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Belfast’s first new navigation lock in over 250 years opening gates on Tuesday

Boats returning to once busy trade route after seven-decade absence

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Regeneration: The new Lock Number 1 at Stranmillis on the River Lagan. Credit: Peter Morrison

Regeneration: The new Lock Number 1 at Stranmillis on the River Lagan. Credit: Peter Morrison

Regeneration: The new Lock Number 1 at Stranmillis on the River Lagan. Credit: Peter Morrison

The first navigation lock built in Belfast in more than 250 years will open its gates tomorrow.

A small number of boats will pass through the new Number One Lock at Stranmillis on the River Lagan at 11am.

It will be the first time this has happened since the Lagan Canal was closed to commercial traffic in the 1950s.

The lock is located underneath the new pedestrian and cycle bridge built as part of the Lagan Gateway scheme and opened last September.

Other initiatives falling under the scheme include the refurbishment of the existing weir, as well as landscaping and new path connections.

A symbolic event marking the occasion, organised by the Lagan branch of the Inland Waterways Association of Ireland with the co-operation of Belfast City Council, will be held tomorrow.

Guests at the event will include the Lagan Dragons boat club.

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A lock is a device used to raise and lower boats between stretches of water where the water is at different levels.

The Stranmillis lock is one of 27, stretching the length of the canal, all the way to Lough Neagh.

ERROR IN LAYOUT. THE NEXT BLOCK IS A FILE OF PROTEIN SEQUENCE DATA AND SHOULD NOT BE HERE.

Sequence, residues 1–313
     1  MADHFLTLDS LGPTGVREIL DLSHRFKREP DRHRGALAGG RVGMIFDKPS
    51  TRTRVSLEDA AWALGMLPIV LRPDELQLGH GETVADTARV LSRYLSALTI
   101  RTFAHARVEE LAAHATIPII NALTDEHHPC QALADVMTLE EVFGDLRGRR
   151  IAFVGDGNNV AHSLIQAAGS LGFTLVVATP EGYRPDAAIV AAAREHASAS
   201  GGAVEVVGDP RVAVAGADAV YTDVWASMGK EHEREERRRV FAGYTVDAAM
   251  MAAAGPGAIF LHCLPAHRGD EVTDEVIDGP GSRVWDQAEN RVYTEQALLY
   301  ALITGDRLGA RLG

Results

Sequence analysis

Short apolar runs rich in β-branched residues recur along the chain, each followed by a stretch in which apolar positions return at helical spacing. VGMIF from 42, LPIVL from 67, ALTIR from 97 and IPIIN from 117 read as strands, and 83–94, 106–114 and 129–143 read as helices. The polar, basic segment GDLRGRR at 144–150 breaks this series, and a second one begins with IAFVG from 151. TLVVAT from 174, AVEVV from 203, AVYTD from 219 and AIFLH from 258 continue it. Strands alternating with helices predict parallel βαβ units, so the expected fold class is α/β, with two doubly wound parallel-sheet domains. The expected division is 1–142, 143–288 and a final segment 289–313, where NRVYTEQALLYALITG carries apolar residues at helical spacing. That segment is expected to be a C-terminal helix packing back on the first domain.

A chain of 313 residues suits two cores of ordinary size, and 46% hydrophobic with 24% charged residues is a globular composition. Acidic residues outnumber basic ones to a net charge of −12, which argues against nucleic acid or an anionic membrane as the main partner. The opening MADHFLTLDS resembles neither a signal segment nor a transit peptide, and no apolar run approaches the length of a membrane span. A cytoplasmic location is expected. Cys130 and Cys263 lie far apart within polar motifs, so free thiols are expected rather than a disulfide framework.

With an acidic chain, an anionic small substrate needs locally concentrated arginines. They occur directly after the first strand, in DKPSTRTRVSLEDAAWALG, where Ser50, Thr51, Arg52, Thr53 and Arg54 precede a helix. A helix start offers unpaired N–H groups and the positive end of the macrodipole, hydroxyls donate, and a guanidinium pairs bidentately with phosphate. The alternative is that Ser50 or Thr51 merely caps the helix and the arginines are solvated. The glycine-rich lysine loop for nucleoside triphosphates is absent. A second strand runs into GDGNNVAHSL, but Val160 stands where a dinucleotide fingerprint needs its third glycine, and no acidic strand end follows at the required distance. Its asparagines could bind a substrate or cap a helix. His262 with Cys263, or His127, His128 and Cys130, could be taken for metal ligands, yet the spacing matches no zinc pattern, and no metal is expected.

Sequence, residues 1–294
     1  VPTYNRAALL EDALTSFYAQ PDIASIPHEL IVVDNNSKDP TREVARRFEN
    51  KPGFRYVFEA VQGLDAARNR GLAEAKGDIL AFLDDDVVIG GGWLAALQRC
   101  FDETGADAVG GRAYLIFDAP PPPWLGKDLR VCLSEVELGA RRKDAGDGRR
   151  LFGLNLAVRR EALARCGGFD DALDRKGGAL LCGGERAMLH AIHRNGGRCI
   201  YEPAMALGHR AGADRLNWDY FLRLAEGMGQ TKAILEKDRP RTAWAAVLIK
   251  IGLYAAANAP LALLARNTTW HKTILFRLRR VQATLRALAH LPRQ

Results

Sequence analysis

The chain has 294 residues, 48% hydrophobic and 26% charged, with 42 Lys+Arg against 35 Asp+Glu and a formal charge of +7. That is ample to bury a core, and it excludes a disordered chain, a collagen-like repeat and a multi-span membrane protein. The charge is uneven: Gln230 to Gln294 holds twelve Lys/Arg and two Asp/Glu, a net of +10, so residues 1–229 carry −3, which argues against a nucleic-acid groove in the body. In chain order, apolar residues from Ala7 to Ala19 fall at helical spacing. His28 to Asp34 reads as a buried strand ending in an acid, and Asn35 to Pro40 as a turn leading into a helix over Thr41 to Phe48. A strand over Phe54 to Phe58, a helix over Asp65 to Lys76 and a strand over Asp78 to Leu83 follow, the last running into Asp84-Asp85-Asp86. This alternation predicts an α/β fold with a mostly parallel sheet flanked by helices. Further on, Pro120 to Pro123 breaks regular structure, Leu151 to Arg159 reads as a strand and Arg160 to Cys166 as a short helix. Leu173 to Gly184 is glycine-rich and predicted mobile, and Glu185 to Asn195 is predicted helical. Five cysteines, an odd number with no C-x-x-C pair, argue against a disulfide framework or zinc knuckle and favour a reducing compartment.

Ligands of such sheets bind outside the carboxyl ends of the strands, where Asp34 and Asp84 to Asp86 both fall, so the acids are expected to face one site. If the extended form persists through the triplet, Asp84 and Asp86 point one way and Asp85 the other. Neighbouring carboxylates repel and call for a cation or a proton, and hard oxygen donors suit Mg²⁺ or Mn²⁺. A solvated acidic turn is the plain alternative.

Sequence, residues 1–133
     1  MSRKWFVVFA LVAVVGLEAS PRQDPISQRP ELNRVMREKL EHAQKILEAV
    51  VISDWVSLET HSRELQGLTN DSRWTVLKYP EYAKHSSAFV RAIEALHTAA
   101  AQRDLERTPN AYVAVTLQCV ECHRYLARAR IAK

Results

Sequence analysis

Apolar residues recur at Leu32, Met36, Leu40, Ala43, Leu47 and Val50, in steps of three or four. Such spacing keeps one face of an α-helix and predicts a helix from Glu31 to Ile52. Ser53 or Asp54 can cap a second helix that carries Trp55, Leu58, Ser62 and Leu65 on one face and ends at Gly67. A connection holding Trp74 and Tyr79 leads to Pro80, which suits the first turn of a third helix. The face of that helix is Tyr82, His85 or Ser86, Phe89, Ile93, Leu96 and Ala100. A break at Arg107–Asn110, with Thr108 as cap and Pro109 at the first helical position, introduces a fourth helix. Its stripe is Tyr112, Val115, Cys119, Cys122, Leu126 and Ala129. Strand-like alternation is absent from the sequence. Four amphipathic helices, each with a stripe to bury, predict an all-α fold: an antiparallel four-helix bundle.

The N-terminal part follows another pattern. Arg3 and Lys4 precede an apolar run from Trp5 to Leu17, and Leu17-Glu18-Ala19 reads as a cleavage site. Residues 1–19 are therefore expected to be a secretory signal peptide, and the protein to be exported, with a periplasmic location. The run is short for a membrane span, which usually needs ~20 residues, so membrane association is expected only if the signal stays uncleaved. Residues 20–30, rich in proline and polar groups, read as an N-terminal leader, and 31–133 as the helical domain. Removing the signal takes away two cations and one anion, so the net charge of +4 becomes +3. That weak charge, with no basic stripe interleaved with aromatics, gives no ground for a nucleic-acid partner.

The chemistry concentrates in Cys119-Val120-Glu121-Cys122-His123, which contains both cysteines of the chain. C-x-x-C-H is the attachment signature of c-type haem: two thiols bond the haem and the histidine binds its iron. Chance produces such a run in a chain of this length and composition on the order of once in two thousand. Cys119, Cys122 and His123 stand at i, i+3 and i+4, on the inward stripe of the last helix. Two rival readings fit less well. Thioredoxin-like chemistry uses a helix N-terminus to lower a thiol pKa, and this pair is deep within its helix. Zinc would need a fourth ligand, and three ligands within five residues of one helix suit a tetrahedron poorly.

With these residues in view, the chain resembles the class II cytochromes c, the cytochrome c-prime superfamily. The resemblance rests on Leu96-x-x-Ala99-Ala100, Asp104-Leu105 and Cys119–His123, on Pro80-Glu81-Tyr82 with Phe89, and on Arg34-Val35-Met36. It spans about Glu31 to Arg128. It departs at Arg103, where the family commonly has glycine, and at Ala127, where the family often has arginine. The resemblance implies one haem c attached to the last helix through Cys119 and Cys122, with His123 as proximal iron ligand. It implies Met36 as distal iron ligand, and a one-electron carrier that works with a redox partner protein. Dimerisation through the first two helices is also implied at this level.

Work on the canal started in 1756 and finished in 1794.

Trade along the route stopped 70 years ago, and eight miles of the canal were filled in to accommodate the M1 motorway.

Speaking as work on the lock got under way, Erskine Holmes, chair of the Lagan Navigation Trust, welcomed the project.

“The commencement of work at Lock Number One reinforces the potential to open the entire navigation from Belfast Harbour to Lough Neagh, creating opportunities for economic development and tourism,” Mr Holmes said.

“The Lagan Gateway project will attract significant visitors who will want to experience the activities associated with the navigation — namely, boating, walking, cycling, jogging, canoeing, water sports and angling.

“The success and benefits accruing from Lock One are intimately linked to this broader vision of a fully restored Lagan navigation.

“To this end, the project also envisages restoration of Lock Two at Mooreland Meadow, within the Lagan Valley Regional Park.

“This will entail the construction of a new control weir, complete refurbishment of the lock and clearing of the channel, upstream and downstream.”


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